Five workplace trends businesses should look out for in 2019

Anneka Burrett, head of digital experience at BrightHR, outlines her predictions for next year’s workplace trends

2018 has been another year full of workplace advancements, from the rise of automation tools to the cultural awareness of gender inequality and sexual misconduct in the workplace. Looking to 2019, here is a summary of the five workplace trends that may reshape the workplace as we know it and could reap major rewards in employee engagement and productivity.

1.    Apps will revolutionise human resources

In 2018, one of the hottest topics in the HR world was the rise of artificial intelligence in the workplace. Almost every new smart app or device will contain AI over the next few years and it has already become a big business with Amazon’s Alexa and Apple’s Siri making this a phenomenon that it is for today rather than tomorrow.

AI is great for businesses that don’t have an in-house HR function or HR professional in their workplace to deal with absence related issues. Smart apps will also help workplaces transform the way businesses and employees work. At BrightHR, we have launched the Blip App which revolutionises the way employers can log their timesheets by allowing employees to scan a QR code to clock in and out and log their own break times, this allows business owners to log team’s working history and see employee timesheets with ease.

2.    Companies will offer more flexible and remote working options

Working remotely at home, at a local cafe or anywhere else is a growing trend in the UK, especially with the millennial workforce. One of the key drivers of this is VPN technology which makes it easy to access work systems from anywhere.

As a result of this, businesses can recruit internationally so it’s not surprising that many start-ups are built with remote teams. From a business perspective, it also opens up another pool of candidates and by offering flexible work options it’s a way to retain current employees and boost job satisfaction through a better work-life balance. With video conferencing systems improving every year, this trend will only continue to grow.

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3.    Diversity to influence the workplace

In 2018, Theresa May announced plans to force companies to reveal their ethnicity pay gap and the introduction of the Race at Work Charter to help people from minorities at work, which will run until 2019 as the hope is that the UK’s biggest companies, boardrooms, and senior management teams will be truly reflective of the workplaces they manage.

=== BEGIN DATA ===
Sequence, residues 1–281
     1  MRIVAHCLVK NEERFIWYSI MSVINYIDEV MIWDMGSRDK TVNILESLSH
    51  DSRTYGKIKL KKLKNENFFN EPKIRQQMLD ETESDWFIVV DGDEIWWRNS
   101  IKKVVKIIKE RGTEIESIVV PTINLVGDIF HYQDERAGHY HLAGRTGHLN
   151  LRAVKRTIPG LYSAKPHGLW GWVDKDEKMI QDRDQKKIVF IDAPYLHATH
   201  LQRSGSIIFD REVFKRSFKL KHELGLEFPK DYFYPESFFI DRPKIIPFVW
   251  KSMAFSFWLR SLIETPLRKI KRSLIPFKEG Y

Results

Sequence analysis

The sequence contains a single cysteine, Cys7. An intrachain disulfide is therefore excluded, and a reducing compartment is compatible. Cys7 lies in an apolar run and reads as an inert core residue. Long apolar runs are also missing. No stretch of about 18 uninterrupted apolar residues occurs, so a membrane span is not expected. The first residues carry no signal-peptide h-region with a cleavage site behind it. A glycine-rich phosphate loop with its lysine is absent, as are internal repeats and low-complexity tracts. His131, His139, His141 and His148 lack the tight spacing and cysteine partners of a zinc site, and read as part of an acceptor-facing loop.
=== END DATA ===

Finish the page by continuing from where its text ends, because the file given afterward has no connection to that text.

After the successful first year of companies reporting their gender pay gap, women will still have an important role in changing the workplace. Women currently hold 25% and 23% of roles at Google and Apple respectively and both have committed to support more women getting into the tech industry.

4.    The perks and rewards of work

When offering perks and rewards to staff, a changing workforce has brought different priorities with it. In today’s professional workplace employees see workplace perks and healthcare as a core part of what’s on offer from their workplace.

Employees are no longer coming to work just to earn a wage, they want to be happy, thrive at work and have a good work-life balance. Extra holidays, paid sick leave and performance bonuses are all at the top of preferred benefits to employees. For companies offering these perks to work are more likely to see higher staff retention and attract more applicants.

5.    Staff receive microchips to secure workplaces

Security is a big problem for all sized business and 2019 could see the introduction of employees having microchips implanted into their skin to help this. The microchips, which will also allow employees to pay for their lunch, access the certain office rooms and login into computers, are implanted underneath the skin, between the thumb and forefinger and use the same technology as contactless payments.

With 150 implants already fitted in the UK and companies in Sweden, Belgium, and the US already offering similar programmes for staff, the potential for a global rollout for this kind of technology may be imminent.

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